Root Canal Therapy

Inside teeth there are a collection of living blood vessels, nerves, lymph, and connective tissue known as the dental pulp. The pulp resides in a chamber near the chewing surfaces of the teeth and extends to the root end of the tooth via a root canal, eventually exiting into the jawbone. A ligament surrounds each tooth root in the jawbone that helps anchor the tooth while you chew food; many different nerves are located in this ligament.

Most of the time, the dental pulp is healthy. However, at times deep dental decay (a cavity), cracks from past dental trauma, or injury from dental work can irritate the pulp, producing inflammation inside the tooth and in the ligament around the root ends. At this stage patients usually suffer from significant pain spontaneously, when they chew on their tooth, or when they try to enjoy cold or hot food/drink. This inflammation can cause an infection around the tooth roots in the jawbone called a dental abscess. If this dental abscess matures and the infection gets worse, sometimes a cellulitis (or a facial swelling) can form. This may cause fever and rarely may cause difficulty swallowing and/or breathing.

 

 

When significant inflammation and infection of the dental pulp exists (usually with patient experiencing painful symptoms), root canal therapy is necessary. Routine treatment has a very high success rate of ~90-95%.

Unlike other areas of the body, once the dental pulp becomes injured with inflammation or infection it is not able to naturally heal itself properly. Sometimes the body may “strike a balance” between the infection inside the tooth and the outside area of bone and ligament; although the dental abscess is still present, the usual pain and symptoms may go away for a period of time. This does NOT mean that the tooth no longer needs root canal therapy. Just because the tooth doesn’t hurt does not mean that the abscess in the jawbone will go away or isn’t a problem anymore. In fact, this abscess usually gets larger and matures into a more robust infection with time, potentially decreasing the success rate of root canal therapy by up to 20%.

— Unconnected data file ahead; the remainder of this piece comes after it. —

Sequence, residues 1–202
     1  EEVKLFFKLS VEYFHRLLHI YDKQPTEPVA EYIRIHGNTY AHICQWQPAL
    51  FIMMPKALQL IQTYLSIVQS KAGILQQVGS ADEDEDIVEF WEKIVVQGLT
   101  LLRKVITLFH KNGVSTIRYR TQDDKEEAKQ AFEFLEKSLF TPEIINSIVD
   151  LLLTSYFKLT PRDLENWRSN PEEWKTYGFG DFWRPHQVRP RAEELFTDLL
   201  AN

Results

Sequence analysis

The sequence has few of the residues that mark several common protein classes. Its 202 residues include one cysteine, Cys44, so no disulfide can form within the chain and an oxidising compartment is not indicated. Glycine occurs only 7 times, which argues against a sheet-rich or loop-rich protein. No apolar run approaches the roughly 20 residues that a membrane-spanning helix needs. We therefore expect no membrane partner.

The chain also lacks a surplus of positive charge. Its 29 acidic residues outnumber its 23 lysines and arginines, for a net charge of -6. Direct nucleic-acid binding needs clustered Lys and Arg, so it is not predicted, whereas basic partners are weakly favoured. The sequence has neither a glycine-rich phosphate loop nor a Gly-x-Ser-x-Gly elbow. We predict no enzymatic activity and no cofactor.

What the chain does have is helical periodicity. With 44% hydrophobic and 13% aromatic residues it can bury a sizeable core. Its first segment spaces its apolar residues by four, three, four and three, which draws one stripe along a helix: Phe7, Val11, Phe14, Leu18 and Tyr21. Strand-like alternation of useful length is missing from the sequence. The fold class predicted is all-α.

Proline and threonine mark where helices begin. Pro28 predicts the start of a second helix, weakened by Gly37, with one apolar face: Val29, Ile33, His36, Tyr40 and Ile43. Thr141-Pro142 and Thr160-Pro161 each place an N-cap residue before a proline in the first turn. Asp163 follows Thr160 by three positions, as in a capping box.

After gently numbing your tooth with special topical jelly and anesthetics, Dr. Kruszewski will isolate your tooth with a small rubber sheet (think of it as a “tooth poncho”). This ensures that there will be no contamination of the inside of the tooth from saliva (which naturally has much bacteria), and will protect you from the strong disinfectants and materials used during treatment. A small hole will be made, or access opening, on the chewing surface of the tooth. This enables Dr. Kruszewski to reach the infected pulp space of your tooth. The inside of your pulp chamber and root canal areas will be cleaned and disinfected, removing the infection with special tiny instruments and disinfectant solutions.

 

 

An xray will be taken to verify the fit of the root canal fillings in your tooth and the inside of the root canals will then be dried. Dr. Kruszewski will then seal the inside of the root with a permanent gutta percha filling, a special rubber-like material with cement. A temporary filling will then be placed in the access opening and final xray will be taken.

Once root canal treatment is complete, it is recommended you return to your general dentist within ~2 weeks. Then, your general dentist will replace Dr. Kruszewski’s temporary filling with a permanent filling of their choice, called a core buildup. A crown is usually completed after the core buildup, but your general dentist will explain what is best for your tooth.

 

After treatment, you may have some mild discomfort when you chew on your tooth for a few days to 1 week while the area is healing. Dr. Kruszewski will explain which medications are appropriate to use during healing.

Your body will begin to heal the area in the bone where the abscess was located near the root tips. This process usually takes 1-2 years to occur, and in some cases may take up to ~4 years. We will re-examine your tooth at appropriate times after treatment to ensure the bone is healing properly.